Social media users react as Karua ‘burns’ Kirubi over weaves remarks


Billionaire businessman Chris Kirubi (CK) found himself the subject of razor-sharp criticism this week after he confessed his displeasure over “Kenyan women wearing dead people’s hair.”

Mr Kirubi made the remarks during his appearance as guest on KTN’s Jeff Koinange Live which was aired sometime in September, 2015.

“What I hate in this country for our ladies, is wearing dead people’s hair; I hate that!” he told.

The recording, which was reposted on the television station’s social media pages recently, attracted viewership and responses from different quotas. The most notable response came from  2013 presidential aspirant Martha “Iron Lady” Karua who did not take Mr Kirubi’s statement lightly.


When the tweet was posted on the media outlet’s pages, social media was sent into frenzy with Kenyans on Twitter (KOT) promptly taking screen shots, and sparking debates on Mr Kirubi’s remarks.

Moses Darksome Owino: How many dead people do you know, whose hair can be used to dress over 1billion people on a monthly basis?

Maria Nadra: Wacha what do you want us to wear? Na vile tuna nywele ngumu nahaikuwi na vile tuko wasupu unasema nini wee (What do you want us to wear? We have nappy hair which grows very gradually. Furthermore, we look beautiful (in that Human Hair).

Kevoh Mugeni: Unaongea juu uko na pesa. Hujui stress tunapitia kuwanunulia (You [Kirubi] are speaking in that manner because you are wealthy. You are not familiar with the stress we [men] go through to buy them [women] Human Hair).

CK was expressing his ‘patriotism’ for Kenya where he said in his vast beauty and cosmetics business empire, he makes hair products which are predominantly sold to the Kenyan market.

“When I make my own products, I sell them to Kenyans; I don’t sell them to a few people…”

Mr Kirubi further advised Kenyans to take care of their hair to avoid breakage or loss.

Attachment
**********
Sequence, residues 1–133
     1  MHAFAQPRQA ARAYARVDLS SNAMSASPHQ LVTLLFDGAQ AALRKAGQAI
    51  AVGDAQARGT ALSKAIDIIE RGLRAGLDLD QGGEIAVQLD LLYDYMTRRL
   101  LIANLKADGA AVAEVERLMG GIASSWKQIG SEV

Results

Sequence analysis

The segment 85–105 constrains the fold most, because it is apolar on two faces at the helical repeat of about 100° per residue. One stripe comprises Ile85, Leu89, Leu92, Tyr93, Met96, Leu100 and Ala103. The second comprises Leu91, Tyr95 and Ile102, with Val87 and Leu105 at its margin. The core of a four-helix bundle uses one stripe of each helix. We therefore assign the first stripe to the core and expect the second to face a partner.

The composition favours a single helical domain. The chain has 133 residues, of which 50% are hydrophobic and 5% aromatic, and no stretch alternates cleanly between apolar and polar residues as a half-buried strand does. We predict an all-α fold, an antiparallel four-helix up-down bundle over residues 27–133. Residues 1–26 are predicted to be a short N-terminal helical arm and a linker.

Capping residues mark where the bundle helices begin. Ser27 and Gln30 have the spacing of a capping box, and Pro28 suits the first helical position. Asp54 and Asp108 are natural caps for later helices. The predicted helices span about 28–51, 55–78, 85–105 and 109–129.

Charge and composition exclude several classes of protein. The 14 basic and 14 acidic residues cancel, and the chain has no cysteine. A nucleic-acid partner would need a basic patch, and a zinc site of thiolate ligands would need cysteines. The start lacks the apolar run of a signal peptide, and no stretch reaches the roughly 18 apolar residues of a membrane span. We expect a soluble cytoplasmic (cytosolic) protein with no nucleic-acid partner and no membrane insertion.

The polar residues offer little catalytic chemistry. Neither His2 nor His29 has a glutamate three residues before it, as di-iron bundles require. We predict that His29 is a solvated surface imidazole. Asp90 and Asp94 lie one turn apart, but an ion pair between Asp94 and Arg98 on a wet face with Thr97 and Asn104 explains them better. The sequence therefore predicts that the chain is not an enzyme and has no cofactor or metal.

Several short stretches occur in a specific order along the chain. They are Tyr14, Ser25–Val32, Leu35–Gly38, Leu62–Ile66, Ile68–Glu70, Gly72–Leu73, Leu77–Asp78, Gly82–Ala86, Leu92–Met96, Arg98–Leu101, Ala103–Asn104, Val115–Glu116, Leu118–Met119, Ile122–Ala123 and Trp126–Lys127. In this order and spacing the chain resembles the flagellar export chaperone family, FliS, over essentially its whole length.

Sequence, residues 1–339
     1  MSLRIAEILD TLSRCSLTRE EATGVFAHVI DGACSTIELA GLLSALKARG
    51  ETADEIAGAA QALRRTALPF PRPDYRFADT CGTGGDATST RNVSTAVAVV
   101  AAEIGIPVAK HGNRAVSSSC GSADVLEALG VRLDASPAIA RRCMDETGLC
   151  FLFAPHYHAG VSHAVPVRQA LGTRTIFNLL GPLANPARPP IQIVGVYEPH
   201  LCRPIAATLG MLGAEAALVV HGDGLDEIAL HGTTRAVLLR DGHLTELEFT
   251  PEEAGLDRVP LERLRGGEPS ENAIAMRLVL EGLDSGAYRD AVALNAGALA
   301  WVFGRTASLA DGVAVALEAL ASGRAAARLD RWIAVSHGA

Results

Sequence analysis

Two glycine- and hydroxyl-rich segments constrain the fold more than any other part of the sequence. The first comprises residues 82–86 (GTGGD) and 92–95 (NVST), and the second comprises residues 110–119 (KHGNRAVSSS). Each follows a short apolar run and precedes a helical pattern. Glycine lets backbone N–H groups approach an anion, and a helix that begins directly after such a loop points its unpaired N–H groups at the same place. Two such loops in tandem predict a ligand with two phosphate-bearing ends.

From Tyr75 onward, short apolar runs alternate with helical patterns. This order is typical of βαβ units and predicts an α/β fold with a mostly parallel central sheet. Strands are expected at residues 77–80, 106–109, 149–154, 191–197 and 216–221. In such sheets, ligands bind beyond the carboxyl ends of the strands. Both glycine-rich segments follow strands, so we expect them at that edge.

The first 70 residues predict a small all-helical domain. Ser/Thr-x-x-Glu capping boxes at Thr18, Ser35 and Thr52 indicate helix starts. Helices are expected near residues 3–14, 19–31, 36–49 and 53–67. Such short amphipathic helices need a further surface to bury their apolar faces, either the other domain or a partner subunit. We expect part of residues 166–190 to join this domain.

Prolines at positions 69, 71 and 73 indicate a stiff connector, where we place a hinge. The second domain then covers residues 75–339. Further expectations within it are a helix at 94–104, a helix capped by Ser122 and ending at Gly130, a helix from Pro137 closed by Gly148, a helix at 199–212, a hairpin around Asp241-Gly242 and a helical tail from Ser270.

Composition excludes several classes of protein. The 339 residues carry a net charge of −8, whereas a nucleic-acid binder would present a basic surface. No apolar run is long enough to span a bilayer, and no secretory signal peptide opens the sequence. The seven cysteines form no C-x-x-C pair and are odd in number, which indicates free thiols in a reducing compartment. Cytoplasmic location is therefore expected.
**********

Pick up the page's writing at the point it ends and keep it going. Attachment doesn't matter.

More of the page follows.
“You have to start looking after your hair when you are very young. If you don’t, it becomes a challenge in the future; you pay a price,” stated CK.

But how does ‘dead people’s hair’ end up on Kenyan women’s heads according to Kirubi?

“You know they (businessmen) take it from the burial sites in India. They cut the hair of the woman when she dies and bring it to Kenya for sale because Kenya buys everything.”

According to an Indian Human Hair export company (name withheld), it is true much of human hair sold in Kenyan beauty stalls is imported into the country from India, and that the product’s demand in the country is very high.

According to the company’s shipment records of an export made in November, 11 2015, 4kgs of Human Hair which was imported into the country cost a whooping Ksh219, 770.

Besides Indian hair, Kenya also imports human hair from Brazil and other Middle East countries.

According to, “Human Hair offers the most natural look and feel.  It is remarkably soft with a shine and movement that is not easily duplicated in synthetic hair.  It is also extremely versatile.  Human Hair can be cut and styled to suit your personal tastes.  And while it can be a more expensive pick, with the proper care, it is also more durable and can last over a year.”

This could explain why the demand is high in the country.

For a long time the debate whether Kenyan women should don Synthetic or Human Hair has raged on, hogging social discussions with different proponents marshaling defense for either.

The beauty and cosmetics industry is one of the most vibrant businesses in the country, and generates a lot of revenue for the government.

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